07-29-2009 02:46 PM
I am volunteering for my son's private school, which nearly closed because of the cost of doing business for next year. My background is CIO with a public school, so I am tuned into the possibilities of computer based information systems. One idea, and certainly not mine, is a virtual library through which students can check out books on demand. There are really two models: own the eBook as a library resource and check it out as you would any library book (our public library does this); or rent the book, such that the school pays a small fee not to own it, but to borrow it.
The system would need to be designed with "administrator" access to create student accounts, and manage them. You certainly don't want kids deleting your collection, even inadvertently.
There would need to be a direct line to technical support, not some poor urban dweller in Bangladesh. In other words, customer service needs to be something more than the name on the door to oblivion.
Speaking of which, I sent note to BN "customer service" -- gosh I hate that expression; it so implies that there is truth to it, over an oxymoron -- and received back a form note from the low rent district of staff support that meant little. My inquiry, just as this posting, let's move on a virtual library.
Of course, there has to be a plethora of eBooks in all genre, and there is not. In fact, the kids and teens selection is really embarrassing. Hard to sell the idea to my school with this paltry listing. Time will cure this woe, certainly. In time? Not sure. My son has four books on his summer required reading. Each is a best seller, on the Virginia Young Readers program. One was available as an eBook. We would need to request eBooks to be made available.
Yes, I have looked at out of print, expired copyright.
My hope in this bulletin board is to stir some discussion both between like minded readers, and also the B&N masters who ultimately control (or perhaps Borders is an option?) the success of any market venture beneath its purview.
07-31-2009 03:34 PM
This is an intriguing idead. Our school system currently offers textbooks online. Students are given a username & password from the teacher to log in at home. Sure makes schlepping textbooks to & from school much easier.
But to have an entire library on line for some reason doesn't set too well with me (I'm a librarian & the thought of a book-free world gives me the chills). Students doing research find it way too easy to only use the internet & treat everything they read as the gospel truth (not that being in print makes the words any move truthful, although I would trust a nonfiction book before the internet). I think kids should know how to use the library for research as well as how to find the newest dvd's.
I would think reading a novel on the computer wouldn't be good for the eyes of young kids either. Too much time is already spent in front of electronic gadgets. Getting an actual book in the hands of a kid is better on so many levels.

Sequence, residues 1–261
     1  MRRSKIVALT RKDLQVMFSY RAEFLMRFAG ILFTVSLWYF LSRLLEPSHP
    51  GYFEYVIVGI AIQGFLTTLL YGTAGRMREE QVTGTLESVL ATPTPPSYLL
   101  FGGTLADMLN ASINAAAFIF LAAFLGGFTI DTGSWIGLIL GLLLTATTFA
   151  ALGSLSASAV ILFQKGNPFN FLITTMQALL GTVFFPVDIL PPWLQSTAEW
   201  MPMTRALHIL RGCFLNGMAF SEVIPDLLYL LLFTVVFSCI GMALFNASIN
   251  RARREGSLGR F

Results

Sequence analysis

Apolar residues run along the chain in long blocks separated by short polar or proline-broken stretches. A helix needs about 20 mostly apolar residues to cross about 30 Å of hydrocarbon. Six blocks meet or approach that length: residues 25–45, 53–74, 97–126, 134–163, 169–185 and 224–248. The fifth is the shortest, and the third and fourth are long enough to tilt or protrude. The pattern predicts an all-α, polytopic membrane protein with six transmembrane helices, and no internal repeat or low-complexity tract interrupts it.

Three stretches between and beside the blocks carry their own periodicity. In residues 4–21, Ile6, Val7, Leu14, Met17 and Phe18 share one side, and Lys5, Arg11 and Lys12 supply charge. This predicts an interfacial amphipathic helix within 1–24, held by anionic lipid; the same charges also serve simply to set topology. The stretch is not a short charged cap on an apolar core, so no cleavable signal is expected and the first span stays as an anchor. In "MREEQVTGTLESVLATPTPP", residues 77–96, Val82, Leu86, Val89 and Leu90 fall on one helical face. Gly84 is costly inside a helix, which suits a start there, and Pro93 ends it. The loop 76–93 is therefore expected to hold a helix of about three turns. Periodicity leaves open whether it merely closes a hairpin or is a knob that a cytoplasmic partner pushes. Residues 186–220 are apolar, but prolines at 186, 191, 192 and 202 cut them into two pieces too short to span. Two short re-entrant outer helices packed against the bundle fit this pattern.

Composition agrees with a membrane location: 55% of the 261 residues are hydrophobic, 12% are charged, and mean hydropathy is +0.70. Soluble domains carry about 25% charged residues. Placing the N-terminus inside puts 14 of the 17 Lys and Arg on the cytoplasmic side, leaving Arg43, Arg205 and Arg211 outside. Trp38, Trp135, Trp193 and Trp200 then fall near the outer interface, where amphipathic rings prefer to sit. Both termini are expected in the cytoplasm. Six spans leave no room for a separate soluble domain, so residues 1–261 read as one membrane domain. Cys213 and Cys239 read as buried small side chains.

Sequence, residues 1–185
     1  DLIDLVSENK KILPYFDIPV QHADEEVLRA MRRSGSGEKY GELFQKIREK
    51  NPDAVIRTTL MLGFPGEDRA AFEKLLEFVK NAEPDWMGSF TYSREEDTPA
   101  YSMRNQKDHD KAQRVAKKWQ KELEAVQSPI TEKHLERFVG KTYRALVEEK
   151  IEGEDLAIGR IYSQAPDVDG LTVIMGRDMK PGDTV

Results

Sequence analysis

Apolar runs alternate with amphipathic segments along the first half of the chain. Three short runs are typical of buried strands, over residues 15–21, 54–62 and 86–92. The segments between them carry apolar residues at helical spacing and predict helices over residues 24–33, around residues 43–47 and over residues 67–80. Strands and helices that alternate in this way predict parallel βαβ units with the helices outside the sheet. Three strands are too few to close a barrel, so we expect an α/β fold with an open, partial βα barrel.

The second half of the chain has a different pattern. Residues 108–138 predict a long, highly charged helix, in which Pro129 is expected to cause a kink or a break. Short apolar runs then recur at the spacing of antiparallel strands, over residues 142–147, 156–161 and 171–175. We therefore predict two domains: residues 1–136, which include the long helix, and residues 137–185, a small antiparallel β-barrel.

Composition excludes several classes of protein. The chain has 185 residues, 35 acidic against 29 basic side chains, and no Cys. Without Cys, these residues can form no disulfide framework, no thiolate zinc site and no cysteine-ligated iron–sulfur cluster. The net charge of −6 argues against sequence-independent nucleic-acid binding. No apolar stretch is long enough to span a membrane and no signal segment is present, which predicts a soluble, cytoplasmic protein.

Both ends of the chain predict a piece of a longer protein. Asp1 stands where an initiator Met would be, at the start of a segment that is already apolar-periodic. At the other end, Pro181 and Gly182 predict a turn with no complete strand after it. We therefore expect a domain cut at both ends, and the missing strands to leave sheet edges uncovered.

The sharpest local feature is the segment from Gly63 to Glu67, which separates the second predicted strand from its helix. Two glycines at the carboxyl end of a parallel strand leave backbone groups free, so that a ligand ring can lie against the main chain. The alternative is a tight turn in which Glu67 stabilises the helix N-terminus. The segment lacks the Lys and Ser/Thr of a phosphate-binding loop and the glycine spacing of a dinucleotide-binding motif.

08-02-2009 12:15 PM
My wife is a primary school librarian, and her sentiment is like yours. I was actually thinking more about secondary libraries, and our experience (I work in CO for a school division) is that older kids do not use the library. The collection is a reflection of teacher/librarian taste, but of course, this does not explain the lack of interest. We have a community college library that is entirely virtual except for reference, and the on-line databases (ProQuest for example) are very popular. I know people who love their Kindles or Sony PRSs.
What would be the market for eBooks?
08-03-2009 12:31 PM
08-04-2009 08:42 AM
Thanks. Insightful. I try to provide opportunities for technologies that impact our learning culture. As I told our superintendent Monday, eBooks is not a matter of if but when, and in time electronic content management, as you spoke to in your earlier post, will become standard. We do see a number of obstacles, not the least of which is having a device on which to read electronic content. But obstacles are problems begging to be solved. I am aware, as no doubt you are as well, that imposing my value system on others will not serve the division or its students.
Our current position is to create a "conversation". We do have a handful of teachers that will no doubt sieze the idea of electronic content for their courses. Accessing this content is the big hurdle. Does you division provide laptops or readers to all students effected?
08-04-2009 11:22 AM
The obstacle of technology availability was foremost on my mind. Currently our library has public computers available to use in the library but we don't have laptops to make available. Also, the school does not have laptops for the students to take home (we do have a number of laptop carts that classes can check out but again, they're for school use only, they don't go home with the kids).
I've read recently a couple of school districts north of Dallas have provided laptops to their students. I'm not sure if they're for upperclassmen only or how they manage to maintain them. I can't begin to fathom the abuse that's heaped on those laptops.
This to me is the biggest hurdle of all this technology is the widening gulf between the have's & have not's. Getting 30 paperback copies of "Grapes of wrath" is a lot cheaper than 30 laptops to access the book online.
On a similar note I've heard that a lot of the textbooks are available online. Which I think is great because it saved my 14 yr. old from schlepping his math book home every time he had homework. But, again, what about the kids who don't have a computer and/or access to the internet?
This is sure a relavent topic & one that really concerns me with the kids that are in school.